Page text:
A new study conducted by the University of Edinburgh’s Roslin Institute found that wearing a surgical mask stops 100% of droplets while a homemade mask prevents 99.9% of droplets from spreading into the air when a person speaks or coughs.

According to tests conducted by researchers, a person who does not wear a mask and stands six feet away is at 1,000 times higher risk of inhaling droplets than an individual wearing a mask and stands just 1.5 feet away from a coughing person. The study, which is published on preprint server medRxiv.org, looked at surgical masks and single-layer cotton masks.

Lead researcher Dr. Ignazio Maria Viola, a reader at the University of Edinburgh’s School of Engineering, said that face masks of any material can effectively filter small droplets in the air. The research team also found that a homemade single-layer cotton mask can cut the number of droplets by over 1,000 times.

“We discovered that even the simplest handmade single-layer cotton mask is tremendously effective,” Viola noted that larger droplets, which are believed to be more threatening.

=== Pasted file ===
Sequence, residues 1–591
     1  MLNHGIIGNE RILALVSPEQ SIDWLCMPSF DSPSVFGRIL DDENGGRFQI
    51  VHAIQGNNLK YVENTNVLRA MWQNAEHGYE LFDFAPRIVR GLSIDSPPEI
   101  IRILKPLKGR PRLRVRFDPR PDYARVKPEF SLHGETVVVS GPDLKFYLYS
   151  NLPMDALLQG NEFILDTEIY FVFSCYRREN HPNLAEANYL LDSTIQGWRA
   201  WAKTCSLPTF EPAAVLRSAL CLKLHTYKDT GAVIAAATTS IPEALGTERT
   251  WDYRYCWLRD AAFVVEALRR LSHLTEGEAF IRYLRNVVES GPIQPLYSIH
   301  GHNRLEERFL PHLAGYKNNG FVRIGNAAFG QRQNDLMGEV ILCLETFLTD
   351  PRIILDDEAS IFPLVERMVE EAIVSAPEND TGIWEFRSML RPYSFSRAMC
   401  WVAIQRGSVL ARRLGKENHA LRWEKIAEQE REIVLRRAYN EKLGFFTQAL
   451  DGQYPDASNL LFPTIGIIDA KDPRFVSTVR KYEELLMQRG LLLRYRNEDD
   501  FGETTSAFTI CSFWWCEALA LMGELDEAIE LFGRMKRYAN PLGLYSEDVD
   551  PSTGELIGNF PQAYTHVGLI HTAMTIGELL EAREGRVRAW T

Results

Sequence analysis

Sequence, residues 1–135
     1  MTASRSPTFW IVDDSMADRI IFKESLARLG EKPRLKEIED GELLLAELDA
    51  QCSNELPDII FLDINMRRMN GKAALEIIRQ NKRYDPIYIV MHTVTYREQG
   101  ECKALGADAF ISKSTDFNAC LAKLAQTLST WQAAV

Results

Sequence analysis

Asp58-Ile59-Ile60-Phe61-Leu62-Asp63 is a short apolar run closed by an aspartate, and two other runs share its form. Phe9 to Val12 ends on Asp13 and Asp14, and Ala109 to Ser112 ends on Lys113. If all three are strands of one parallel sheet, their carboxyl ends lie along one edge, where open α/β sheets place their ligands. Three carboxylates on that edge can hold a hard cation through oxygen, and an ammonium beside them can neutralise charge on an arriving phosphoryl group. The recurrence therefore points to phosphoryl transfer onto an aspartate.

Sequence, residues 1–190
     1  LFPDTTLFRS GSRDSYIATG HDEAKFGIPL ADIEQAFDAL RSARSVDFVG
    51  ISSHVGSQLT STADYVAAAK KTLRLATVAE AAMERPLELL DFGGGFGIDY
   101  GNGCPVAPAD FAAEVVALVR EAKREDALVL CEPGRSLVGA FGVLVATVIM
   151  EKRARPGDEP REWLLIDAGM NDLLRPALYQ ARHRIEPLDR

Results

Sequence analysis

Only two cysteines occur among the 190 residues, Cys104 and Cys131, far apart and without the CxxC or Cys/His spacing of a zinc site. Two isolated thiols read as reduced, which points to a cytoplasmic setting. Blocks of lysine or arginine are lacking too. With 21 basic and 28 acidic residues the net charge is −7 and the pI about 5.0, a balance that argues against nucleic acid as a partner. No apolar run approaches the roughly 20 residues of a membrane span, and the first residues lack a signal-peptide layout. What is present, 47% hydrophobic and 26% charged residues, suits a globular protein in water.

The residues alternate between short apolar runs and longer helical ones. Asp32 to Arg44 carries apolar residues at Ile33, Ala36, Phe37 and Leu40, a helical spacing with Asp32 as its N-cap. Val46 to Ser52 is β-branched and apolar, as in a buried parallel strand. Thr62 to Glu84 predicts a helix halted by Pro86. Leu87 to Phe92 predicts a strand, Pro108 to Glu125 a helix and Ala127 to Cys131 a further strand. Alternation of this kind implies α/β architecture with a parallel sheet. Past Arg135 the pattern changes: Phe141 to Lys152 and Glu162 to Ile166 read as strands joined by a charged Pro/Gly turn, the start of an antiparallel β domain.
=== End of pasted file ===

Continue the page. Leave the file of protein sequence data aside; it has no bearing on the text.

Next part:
Researchers ran two types of tests: the first was with a mannequin that ejected fluorescent droplets while the second one was with human volunteers who speak and cough. Using laser sheet illumination, the scientists quantify the number of droplets in the air while they used a UV light to check those that landed on the surface.

Putting on masks on the mannequin shows that less than one in 1,000 particles were spread by speaking or coughing. This is significantly less compared when human volunteers spoke and coughed without a mask, which sprayed up to thousands of particles into the air.

These findings highlight the importance of wearing a face-covering in public to avoid getting infected by the virus or prevent infecting others for those who already have COVID-19.